Are you pregnant and planning on giving birth in Bangalore? Do you feel like you don’t have many choices when it comes to giving birth? Think again. Planning for a birth can be overwhelming, but you and your partner can get the support and information that can help you feel confident and ready to give birth.

Although it is impossible to predict what will happen when you give birth, here are some tips to help you become more informed and confident.

During pregnancy:

Choose a doctor and place of birth with low rates of intervention. Make sure your doctor and hospital are mother-friendly by asking the questions recommended by the Coalition for Improving Maternity Services (CIMS), entitled “Having a Baby? Ten Questions to Ask.”  

Ask open-ended questions when interviewing a doctor, so you can better understand the doctor’s approach to the topic. Be aware that even the most well-intentioned doctors are dictated by hospital policies, for example – duration of labour and mandatory separation of newborn and mother immediately after birth. Be aware that doctors and hospitals with low intervention rates are more likely to share that information with you than those with high intervention rates.

Arrange for continuous labour support. Research shows that continuous labour support has positive outcomes for mothers and babies. See the section on labour support.

Find a good childbirth class. Find an independent childbirth class that is not associated with your doctor or hospital, so you have information on birth from multiple sources. Childbirth is an emotional experience, so make sure the class covers both physical and emotional aspects of birth. Don’t be afraid to ask what information is included in the classes before you register.

Devise a birth plan. While childbirth is unpredictable, you can still develop a birth plan to help ensure that your doctor knows what is important to you. You can include how you feel about routine interventions and policies in this plan. Share this plan with your doctor, so your choices are respected when you are giving birth. When you are in labour, bring a printed copy of the birth plan, signed by your doctor, to the hospital with you to remind you, hospital staff and your doctor of your choices for birth.

Browse through the Bangalore Birth Network – Maternal Care Survey. The Maternal Care Survey has been filled out by women who have given birth in Bangalore. Women have provided information on their birth experiences, including doctors, hospitals and use of interventions. Hard copies of the completed surveys are available at the Mother to Mother (M2M) group meetings, which are announced on the BBN Yahoo group.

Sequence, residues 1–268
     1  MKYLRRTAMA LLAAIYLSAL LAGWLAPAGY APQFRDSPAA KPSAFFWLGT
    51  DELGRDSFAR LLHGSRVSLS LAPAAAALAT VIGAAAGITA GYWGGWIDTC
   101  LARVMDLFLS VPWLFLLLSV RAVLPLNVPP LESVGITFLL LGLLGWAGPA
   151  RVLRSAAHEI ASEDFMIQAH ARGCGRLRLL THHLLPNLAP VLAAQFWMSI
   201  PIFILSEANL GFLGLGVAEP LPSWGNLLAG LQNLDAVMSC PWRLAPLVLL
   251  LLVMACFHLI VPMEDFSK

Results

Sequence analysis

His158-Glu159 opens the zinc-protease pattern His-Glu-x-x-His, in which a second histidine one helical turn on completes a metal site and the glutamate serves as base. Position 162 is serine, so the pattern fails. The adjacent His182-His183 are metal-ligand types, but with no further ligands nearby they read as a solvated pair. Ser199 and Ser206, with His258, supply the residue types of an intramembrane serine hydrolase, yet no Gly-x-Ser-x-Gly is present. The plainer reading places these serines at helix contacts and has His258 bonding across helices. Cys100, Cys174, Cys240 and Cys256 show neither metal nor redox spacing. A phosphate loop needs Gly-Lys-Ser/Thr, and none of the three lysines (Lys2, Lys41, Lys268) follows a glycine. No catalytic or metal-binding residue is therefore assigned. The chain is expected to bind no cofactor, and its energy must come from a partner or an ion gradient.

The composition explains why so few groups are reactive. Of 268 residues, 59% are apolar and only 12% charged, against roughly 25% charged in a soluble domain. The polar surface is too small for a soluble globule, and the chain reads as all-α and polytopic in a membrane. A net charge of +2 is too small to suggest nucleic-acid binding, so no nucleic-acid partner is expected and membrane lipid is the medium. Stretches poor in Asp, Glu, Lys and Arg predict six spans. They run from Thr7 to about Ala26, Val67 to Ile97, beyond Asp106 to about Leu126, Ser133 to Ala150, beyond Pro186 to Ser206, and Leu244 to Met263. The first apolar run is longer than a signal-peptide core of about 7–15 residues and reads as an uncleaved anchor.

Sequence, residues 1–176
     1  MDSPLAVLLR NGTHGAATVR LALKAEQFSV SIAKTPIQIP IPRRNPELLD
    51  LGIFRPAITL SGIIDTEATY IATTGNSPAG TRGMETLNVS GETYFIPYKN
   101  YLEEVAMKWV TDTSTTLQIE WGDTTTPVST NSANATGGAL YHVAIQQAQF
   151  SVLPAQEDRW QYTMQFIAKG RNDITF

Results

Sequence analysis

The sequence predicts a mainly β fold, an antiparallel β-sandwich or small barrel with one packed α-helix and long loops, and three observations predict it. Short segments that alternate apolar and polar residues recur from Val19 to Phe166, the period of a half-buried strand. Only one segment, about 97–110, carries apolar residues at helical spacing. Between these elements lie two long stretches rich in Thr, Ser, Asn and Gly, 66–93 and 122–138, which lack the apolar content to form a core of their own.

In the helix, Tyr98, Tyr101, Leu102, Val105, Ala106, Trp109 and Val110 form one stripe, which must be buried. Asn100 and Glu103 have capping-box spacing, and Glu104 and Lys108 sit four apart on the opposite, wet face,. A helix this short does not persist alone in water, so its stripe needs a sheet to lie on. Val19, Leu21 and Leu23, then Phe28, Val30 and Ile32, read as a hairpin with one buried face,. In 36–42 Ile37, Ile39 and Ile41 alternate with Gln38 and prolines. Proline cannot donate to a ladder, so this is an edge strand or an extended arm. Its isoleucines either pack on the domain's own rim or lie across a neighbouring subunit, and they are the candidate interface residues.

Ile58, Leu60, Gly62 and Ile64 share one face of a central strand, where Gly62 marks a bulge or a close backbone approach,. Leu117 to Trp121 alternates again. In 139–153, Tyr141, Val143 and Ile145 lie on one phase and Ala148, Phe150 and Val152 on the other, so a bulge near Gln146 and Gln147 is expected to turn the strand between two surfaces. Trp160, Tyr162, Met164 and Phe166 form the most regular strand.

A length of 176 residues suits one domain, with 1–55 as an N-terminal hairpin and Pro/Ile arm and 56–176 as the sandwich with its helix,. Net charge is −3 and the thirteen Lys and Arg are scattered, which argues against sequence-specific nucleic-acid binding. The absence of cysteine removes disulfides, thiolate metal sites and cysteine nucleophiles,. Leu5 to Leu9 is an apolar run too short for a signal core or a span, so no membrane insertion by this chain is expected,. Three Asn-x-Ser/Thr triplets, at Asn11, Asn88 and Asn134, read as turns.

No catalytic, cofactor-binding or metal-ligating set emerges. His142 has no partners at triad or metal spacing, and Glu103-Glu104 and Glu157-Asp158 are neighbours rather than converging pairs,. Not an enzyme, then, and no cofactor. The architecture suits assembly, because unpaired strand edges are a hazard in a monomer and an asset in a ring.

During labour:

Work with your caregiver to delay going to the hospital in early labour. Delay going to the hospital in early labour. Once you arrive at the hospital, the clock starts ticking as the doctor may expect you to give birth within a certain timeframe. The later you go into the hospital, the more likely you are to have an intervention-free birth. Stay at home until you are in active labor (until your contractions are five minutes apart and are one minute in duration).

Ensure you have birth support during labour.

Explore your options for pain relief.  Epidurals and analgesics can increase your risk of caesarean section.  Tools such as tubs, showers, birthing balls, active movement during labour and continuous labour support can help you cope with labour pain and have no side effects. 

Avoid continuous foetal monitoring.  Evidence shows that use of continuous foetal monitoring increases the likelihood of a caesarean section, vacuum or forceps. Studies have shown that using continuous monitoring does not result in better outcomes for mother and baby.  

Avoid an epidural. Having an epidural reduces your freedom of movement during labour, increases your likelihood of tearing, increases the likelihood of a caesarean section, and increases the use of vacuum or forceps for delivery.   

Move around and be active throughout labor!  The best way to avoid an epidural and deal with labor pain naturally is to have continuous labour support and to remain active during your labour by changing positions and moving around. Try to avoid lying in bed on your back throughout your labour and delivery. This can make labor feel more painful. Active birth in early labor includes walking, slow dancing with your partner, sitting comfortably, rocking your hips, showering, lying on your side and being on your  hands and knees. Positions for the pushing stage include sitting, supported semi-sit, lying on your side, being on your hands and knees and squatting. Learn more about different positions in active birth and delivery.